The Kosovo Albanian official, in charge of spatial planning, was on Monday quoted as saying by the Priština website Telegrafi that the Church of Christ the Savior that is still under construction was being built illegally. The website ran the article under the headline, “I will demolish the Church of St. Nicholas.”
The eparchy said in a statement that it had secured all the necessary paperwork for the construction, and that claims about the structure being built illegally were false. Noting that Gashi “did not even know the name of the church” in question, the eparchy accused him of wanting to damage inter-ethnic and inter-religious relations in Kosovo and Metohija, “and precisely during the greatest Christian holiday, Easter.”
It further said that Gashi’s statement can only be interpreted as an attempt to commit ethnic and religious discrimination, “in the service of the upcoming elections in Kosovo.”
The eparchy stressed that the SPC was recently informed “directly from the very top of the Kosovo government” that they supported the building of the church, and that international representatives in Kosovo had been informed of this.
According to the eparchy, Gashi previously, “due to his inappropriate statements to the media and attempts to politicize issues related to cultural heritage” blocked the work of a mixed commision set up to implement protected zones, and noted that the commission was co-chaired by “EU’s special representative for the Serb Orthodox heritage.”
The Citizens’ Initiative Srpska, a political group gathering Serbs in Kosovo, has condemned in the strongest terms Gashi’s statement.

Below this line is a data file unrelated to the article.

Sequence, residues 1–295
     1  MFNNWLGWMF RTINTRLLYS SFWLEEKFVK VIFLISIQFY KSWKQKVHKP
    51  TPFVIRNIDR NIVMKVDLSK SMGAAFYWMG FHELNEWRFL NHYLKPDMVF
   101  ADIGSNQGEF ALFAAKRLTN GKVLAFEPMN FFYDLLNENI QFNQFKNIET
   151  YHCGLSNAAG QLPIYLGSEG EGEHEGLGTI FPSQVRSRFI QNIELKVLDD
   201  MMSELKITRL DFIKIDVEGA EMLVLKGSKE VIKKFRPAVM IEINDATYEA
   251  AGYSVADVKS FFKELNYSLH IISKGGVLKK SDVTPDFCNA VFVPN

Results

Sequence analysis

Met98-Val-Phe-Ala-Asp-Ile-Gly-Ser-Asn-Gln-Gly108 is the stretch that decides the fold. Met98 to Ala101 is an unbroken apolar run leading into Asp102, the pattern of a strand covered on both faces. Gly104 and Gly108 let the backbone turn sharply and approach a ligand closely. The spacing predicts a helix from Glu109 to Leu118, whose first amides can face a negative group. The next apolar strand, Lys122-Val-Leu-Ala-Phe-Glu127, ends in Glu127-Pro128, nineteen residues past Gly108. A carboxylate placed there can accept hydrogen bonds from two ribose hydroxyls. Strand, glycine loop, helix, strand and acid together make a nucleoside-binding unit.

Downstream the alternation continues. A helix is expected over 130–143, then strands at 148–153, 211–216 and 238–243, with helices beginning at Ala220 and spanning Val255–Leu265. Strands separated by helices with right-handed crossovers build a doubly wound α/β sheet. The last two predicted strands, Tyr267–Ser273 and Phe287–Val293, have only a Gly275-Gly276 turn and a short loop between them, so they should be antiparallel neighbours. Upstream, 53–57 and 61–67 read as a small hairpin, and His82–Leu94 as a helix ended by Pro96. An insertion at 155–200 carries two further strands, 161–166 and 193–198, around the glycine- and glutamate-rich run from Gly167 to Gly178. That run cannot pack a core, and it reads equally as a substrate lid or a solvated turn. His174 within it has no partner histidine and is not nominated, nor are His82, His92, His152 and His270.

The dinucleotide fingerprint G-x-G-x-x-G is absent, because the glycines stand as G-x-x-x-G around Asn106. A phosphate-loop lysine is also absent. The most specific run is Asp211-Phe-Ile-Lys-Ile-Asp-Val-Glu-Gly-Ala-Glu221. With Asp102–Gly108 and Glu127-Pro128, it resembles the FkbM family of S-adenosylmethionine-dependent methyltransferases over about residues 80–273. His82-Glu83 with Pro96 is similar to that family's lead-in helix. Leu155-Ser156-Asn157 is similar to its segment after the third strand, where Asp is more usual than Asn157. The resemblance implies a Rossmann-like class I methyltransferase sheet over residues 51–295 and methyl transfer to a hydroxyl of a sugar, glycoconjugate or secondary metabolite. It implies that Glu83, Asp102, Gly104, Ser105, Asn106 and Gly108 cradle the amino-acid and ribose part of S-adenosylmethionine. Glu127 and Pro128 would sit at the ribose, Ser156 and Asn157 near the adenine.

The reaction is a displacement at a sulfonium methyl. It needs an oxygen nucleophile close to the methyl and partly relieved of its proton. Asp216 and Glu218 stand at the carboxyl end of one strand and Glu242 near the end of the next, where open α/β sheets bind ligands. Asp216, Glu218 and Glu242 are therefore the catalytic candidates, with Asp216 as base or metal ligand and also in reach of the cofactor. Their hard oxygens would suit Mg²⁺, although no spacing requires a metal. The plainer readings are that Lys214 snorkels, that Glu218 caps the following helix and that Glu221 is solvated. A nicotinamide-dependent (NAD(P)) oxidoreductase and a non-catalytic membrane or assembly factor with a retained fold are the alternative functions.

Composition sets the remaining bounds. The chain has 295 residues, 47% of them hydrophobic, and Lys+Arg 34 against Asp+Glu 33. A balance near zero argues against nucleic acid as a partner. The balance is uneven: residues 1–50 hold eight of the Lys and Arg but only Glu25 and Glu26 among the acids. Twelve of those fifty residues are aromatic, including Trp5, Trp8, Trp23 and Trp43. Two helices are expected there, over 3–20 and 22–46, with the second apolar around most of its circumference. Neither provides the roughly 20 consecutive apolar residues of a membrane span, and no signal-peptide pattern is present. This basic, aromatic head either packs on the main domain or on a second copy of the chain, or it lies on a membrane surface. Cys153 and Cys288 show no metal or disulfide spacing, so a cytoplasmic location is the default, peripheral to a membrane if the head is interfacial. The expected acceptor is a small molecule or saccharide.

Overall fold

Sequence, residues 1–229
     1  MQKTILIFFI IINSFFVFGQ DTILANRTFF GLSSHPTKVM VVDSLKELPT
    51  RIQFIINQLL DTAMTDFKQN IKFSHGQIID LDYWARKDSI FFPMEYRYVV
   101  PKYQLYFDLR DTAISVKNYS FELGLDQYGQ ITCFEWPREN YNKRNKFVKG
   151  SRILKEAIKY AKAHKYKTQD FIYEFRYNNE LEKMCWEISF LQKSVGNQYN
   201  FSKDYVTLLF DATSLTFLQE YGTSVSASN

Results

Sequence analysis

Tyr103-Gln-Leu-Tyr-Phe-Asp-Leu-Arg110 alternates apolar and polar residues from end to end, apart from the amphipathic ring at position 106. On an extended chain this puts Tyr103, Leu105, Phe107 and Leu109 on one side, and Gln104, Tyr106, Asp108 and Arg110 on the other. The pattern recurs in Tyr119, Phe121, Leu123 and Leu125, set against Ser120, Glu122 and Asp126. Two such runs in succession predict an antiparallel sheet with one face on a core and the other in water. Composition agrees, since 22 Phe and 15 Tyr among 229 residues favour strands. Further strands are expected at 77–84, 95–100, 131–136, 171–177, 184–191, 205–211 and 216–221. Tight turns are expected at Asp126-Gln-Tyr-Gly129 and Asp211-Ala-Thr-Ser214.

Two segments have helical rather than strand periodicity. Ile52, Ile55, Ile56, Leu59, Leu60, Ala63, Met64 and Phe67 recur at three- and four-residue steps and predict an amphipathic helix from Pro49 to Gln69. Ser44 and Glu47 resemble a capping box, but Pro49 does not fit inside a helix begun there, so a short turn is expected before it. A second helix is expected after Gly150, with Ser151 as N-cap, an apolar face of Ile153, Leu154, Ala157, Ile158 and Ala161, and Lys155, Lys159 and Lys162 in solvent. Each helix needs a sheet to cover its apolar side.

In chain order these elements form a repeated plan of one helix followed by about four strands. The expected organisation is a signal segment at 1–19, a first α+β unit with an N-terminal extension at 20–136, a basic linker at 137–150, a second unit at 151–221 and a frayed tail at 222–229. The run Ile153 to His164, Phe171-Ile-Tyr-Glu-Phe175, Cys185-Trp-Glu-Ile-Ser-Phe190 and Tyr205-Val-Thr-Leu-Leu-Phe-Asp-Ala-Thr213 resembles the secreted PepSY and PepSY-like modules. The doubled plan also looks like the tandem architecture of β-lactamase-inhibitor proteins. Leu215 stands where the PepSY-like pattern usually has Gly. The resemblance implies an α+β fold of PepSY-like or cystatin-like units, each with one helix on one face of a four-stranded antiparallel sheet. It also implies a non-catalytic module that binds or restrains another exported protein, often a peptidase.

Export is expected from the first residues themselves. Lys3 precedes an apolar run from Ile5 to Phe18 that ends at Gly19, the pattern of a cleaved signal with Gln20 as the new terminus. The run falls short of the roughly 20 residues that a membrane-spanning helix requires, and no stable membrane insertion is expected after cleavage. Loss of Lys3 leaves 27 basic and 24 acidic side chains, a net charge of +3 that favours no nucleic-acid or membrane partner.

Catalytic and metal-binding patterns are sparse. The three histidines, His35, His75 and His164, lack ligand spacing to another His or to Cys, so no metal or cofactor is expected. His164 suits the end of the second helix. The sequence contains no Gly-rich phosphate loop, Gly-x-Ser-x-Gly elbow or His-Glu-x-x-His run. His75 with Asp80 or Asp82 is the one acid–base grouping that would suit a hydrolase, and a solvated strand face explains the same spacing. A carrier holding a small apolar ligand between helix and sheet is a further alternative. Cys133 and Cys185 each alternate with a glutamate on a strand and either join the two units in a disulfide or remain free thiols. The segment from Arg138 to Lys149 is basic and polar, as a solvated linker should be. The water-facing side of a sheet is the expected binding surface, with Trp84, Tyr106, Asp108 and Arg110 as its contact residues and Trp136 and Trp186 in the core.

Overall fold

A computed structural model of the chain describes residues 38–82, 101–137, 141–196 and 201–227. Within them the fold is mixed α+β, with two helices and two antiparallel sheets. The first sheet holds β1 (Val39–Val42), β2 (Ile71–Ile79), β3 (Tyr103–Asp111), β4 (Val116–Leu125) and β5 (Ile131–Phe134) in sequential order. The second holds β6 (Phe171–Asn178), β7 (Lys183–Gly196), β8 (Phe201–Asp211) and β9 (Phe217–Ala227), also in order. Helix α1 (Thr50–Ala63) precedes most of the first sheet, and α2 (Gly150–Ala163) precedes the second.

“Such ill-considered and inappropriate statements have been very harmful to the Orthodox cultural heritage in Kosovo in the past, and we urge minister Gashi to tone down his rhetoric and demonstrate his political ambitions through actions that correspond to the age we live in and the right of all people to religious belief,” said a statement.
“During the March (2004) Pogrom, 35 Orthodox temples were destroyed in just two days, including churches built in the 14th, 15th and 16th centuries, and it has been hinted that the unfinished cathedral of Christ the Savior in Priština would be turned into ‘a museum in memory of Kosovo Albanians’,” the Initiative said.
“Such statements by senior Kosovo government officials make the Serbs even more fearful, reminding them of March 2004, when Serbian Orthodox Church temples were razed, with over 4,000 Serbs driven out of the province and over 800 Serb homes torched,” the statement warned.
“We urge the international community, the EULEX and KFOR that they react urgently to at least partially calm the unease among the Kosovo Serbs. Is someone looking for an excuse for desecrating Serbian temples and will we have to apply at Gashi’s ministry for permission to practice our religion,” the Initiative asked, and continued:
“How is it possible that the international community has still not issued a statement regarding this clear, apparent case of violation of the right to religious belief in the 21st century? Even today, the temples of the Serbian Orthodox church are protected by the KFOR and the Kosovo Police and most are enclosed by barbed wire.”
The Initiative urged”peace, wisdom, a fair political battle and creation of healthy and democratic society with respect for the rights of all communities in Kosovo as the basis of co-existence in a region burdened by its past.”